LA QUINTA, Calif. - When Mark Wilson got to 8 under through 11 holes on the Palmer Private course Friday, he seriously discussed golfs magic number with playing partner Harrison Frazar, who once shot a 59 on another Humana Challenge course. "I dont know why the conversation went there ... but I thought about it," Wilson said. Wilson ended up posting the lowest score of his career, and that 62 wasnt even the best round of the day in the desert. Bob Hopes name is no longer on this reformatted tournament, but its tradition of stunningly low scores is still going strong. Wilson pulled even with Ben Crane and David Toms at 16-under 128 to share a three-stroke lead after the second round of the Humana Challenge on Friday, topping a leaderboard covered with bogey-free rounds and personal bests. Extremely low numbers always dominate the erstwhile Bob Hope Classic, which features two of the PGA Tours three easiest courses. Add a second day of ideal Palm Springs weather, and exceptional play is necessary just to stay in contention. For example, Ryan Moore tied the Nicklaus course record with a 61, yet he was still five strokes back of the lead -- and he wasnt even among 23 players who played bogey-free rounds Friday. "Everything has been much improved, and we got a much better field because of it," said Crane, who had just 48 putts in his first two rounds. "This is a great place for players to start their year, because its like playing indoors." To illustrate his point, Crane mimed his caddie picking grass blades and dropping them from shoulder height. "Im like, Wheres the wind?" Crane said. "Hes like, I dont know. Im like, OK, lets just hit a normal shot here." Crane shot a 63 on the three-course tournaments Palmer Private course, and Toms had a 65 on the Nicklaus Private course to match Wilson at 16-under 128. Rookie Harris English had a 62 on the Nicklaus Private course to join five players in fourth place at 13 under. "Thats what youve got to do out here," said English, the University of Georgia graduate playing his sixth round on the PGA Tour. "Put it in the fairway and then try to go out and get after it. I was getting my putter hot, and it was a lot of fun." Calgarys Stephen Ames trails by five strokes after shooting a 67, while David Hearn of Brantford, Ont., (69) is nine back. Moore tied Charlie Wis 2009 record on the Nicklaus course despite starting with consecutive bogeys on his second and third holes before an eagle on the fourth. He then birdied 11 of 12 holes, including six straight around the turn. "Really the last thing I remember was being 2 over through three, and then I just walked off the 18th hole," said Moore, who rose 103 spots on the leaderboard. "Maybe that just freed me up. I just let go. ... I dont know if I ever putted that good in my entire life." Wilson earned a reputation as a fast starter when he won in Hawaii and Phoenix during the first five weeks of last season. He also gets a boost from his off-season connection to the Coachella Valley, including a membership at the Ironwood Country Club near his in-laws home in Palm Desert. "Its always been very good to me, and then Q-school has been good to me in the desert," Wilson said. "I get a lot of good vibes here." Toms shot a fairly pedestrian 65 on the Nicklaus course with a second straight day of steady play -- but not everybody chewed up the three courses. Toms playing partner, Phil Mickelson, shot a 69, but remained well back of the leaders after opening with a 74. "Im excited about how I was playing heading into this tournament, but I had a big of a slap in the face with my first two scores," said Mickelson, who tried out a new driver Friday. Mickelson is the tournaments career money leader despite not playing in Palm Springs since 2007. He has made seven straight cuts, but sits in 124th place heading to the third round. Dustin Johnson, the world No. 8 and the tournaments top-ranked player, withdrew after nine holes Friday. The two-time Pebble Beach champion with exceptional power off the tee underwent arthroscopic surgery on his right knee in November and hadnt walked 18 holes until Thursday, when he started with an even-par 72. Scott Stallings also withdrew before the round with an injured chest muscle. Cranes in-laws also live in the Valley, and he was grateful to play well in front of them after a rocky off-season in which he contemplated getting surgery on a labrum injury before learning he didnt need it. Instead, he spent the off-season working on his putting, which has been exceptional at the Humana. Crane also started with a bogey before an eagle-birdie run kick-started his round. The plunging scores might level off on the weekend, with wind and clouds in the forecast for Saturday when President Bill Clinton plays a round with Greg Norman. Crane and his wife spoke with Clinton on Thursday, discussing their work with a foundation that battles sex trafficking. "Its really given this tournament a spark to have him around," Crane said. "Its been great for everybody in this tournament. Its just grown so much in a year. The buzz is unbelievable, and its really fun to be a part of it." Philip Rivers Jerseys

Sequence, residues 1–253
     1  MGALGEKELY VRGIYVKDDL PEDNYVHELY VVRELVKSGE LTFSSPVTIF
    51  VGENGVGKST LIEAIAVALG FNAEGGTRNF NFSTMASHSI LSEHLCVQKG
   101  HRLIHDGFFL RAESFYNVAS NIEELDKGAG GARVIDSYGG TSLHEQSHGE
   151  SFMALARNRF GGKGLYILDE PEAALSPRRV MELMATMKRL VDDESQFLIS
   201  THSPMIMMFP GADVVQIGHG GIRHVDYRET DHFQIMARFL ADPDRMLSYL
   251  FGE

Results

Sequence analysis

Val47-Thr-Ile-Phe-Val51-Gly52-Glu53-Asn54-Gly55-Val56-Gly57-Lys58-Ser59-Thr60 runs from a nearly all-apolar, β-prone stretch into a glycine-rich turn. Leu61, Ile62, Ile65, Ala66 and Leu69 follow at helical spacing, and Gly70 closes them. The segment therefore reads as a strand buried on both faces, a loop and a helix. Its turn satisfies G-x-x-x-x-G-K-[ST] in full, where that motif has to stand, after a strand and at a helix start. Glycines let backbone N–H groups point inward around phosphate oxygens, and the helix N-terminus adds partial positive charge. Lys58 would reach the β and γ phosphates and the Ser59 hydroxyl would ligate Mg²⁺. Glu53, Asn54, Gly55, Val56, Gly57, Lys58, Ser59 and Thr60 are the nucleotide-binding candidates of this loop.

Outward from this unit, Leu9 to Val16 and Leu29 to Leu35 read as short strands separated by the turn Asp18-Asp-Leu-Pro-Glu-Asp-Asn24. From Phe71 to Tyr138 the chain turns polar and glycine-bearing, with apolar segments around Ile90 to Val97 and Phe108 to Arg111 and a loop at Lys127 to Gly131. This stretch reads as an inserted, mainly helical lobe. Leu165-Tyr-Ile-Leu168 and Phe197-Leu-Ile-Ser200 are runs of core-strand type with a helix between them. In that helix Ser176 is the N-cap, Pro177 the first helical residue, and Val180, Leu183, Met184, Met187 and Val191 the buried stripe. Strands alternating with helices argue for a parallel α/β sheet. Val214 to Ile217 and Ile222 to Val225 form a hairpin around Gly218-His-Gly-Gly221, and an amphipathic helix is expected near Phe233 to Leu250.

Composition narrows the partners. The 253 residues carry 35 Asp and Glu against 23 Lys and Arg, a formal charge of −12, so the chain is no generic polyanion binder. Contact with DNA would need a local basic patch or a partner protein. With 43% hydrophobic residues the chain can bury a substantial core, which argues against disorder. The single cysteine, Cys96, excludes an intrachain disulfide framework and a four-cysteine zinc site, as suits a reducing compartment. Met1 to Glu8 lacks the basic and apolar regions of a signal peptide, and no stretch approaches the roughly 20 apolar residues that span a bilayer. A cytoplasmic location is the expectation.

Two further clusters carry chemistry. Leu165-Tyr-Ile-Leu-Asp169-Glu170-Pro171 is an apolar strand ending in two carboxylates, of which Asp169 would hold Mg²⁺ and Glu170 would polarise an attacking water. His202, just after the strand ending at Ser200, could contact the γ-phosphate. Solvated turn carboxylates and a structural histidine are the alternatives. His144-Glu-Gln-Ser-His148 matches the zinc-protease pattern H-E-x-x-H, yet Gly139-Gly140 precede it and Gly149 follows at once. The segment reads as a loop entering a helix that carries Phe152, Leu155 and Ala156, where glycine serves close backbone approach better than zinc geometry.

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. On paper this looks like the biggest mismatch in the first round of the postseason. After back-to-back seasons of 41 wins and first round playoff exits, the Bulls dominated the East after replacing Vinny Del Negro with new head coach Tom Thibodeau.PROVIDENCE, R.I. -- Former Boston Red Sox pitcher Curt Schilling -- whose video game company underwent a spectacular collapse into bankruptcy last year -- is selling the blood-stained sock he wore during the 2004 World Series. Chris Ivy, director of sports for Texas-based Heritage Auctions, says online bidding begins around Feb. 4. Live bidding will take place Feb. 23. The sock previously had been on loan to the National Baseball Hall of Fame and Museum. It has been at Heritages Dallas headquarters for several weeks and will be displayed at the auction houses Manhattan office before it is sold, according to Ivy. He said the sock is expected to fetch at least $100,000, though he described that as a conservative estimate. "I do expect the bidding to be very spirited," Ivy said. Schillings company, 38 Studios, was lured to Providence, R.I., from Massachusetts with a $75 million loan guarantee in 2010. In May, it laid off all its employees and it filed for bankruptcy in June. The state is now likely responsible for some $100 million related to the deal, including interest. Schilling also had personally guaranteed loans to the company and listed the sock as bank collateral in a September filing with the Massachusetts secretary of states office. Messages left for his publicist were not immediately returned. The bloody sock is one of two that sent Schilling into the annals of baseball lore in 2004. The other was from Game 6 of the American League Championship Seriees, when Schilling pitched against the New York Yankees with an injured ankle.dddddddddddd That sock is said to have been discarded in the trash at Yankees Stadium. The one being sold is from the second game of the World Series, which the Red Sox won that year for the first time in 86 years. Schilling has said he invested as much as $50 million in 38 Studios and has lost all his baseball earnings. He told WEEI-AM in Boston last year that possibly having to sell the sock was part of "having to pay for your mistakes." "Im obligated to try and make amends and, unfortunately, this is one of the byproducts of that," he told the station. Brad Horn, a spokesman for the hall of fame in Cooperstown, N.Y., said the loaned sock was returned in December under the terms of the halls agreement with Schilling. The hall had had it since 2004. The Feb. 23 live bidding will be held at the Fletcher-Sinclair mansion in New York City, now home to the Ukrainian Institute of America. The auction will feature other "five- and six-figure items," including a jersey and cap worn by New York Yankees great Lou Gehrig, Ivy said. Heritage last May auctioned off the so-called "Bill Buckner ball," which rolled through the legs of the Red Sox first baseman in the 1986 World Series. Ivy said that item, like Schillings sock, was listed at the time as being expected to bring in "$100,000-plus," but it was sold to an anonymous bidder for $418,000. ' ' '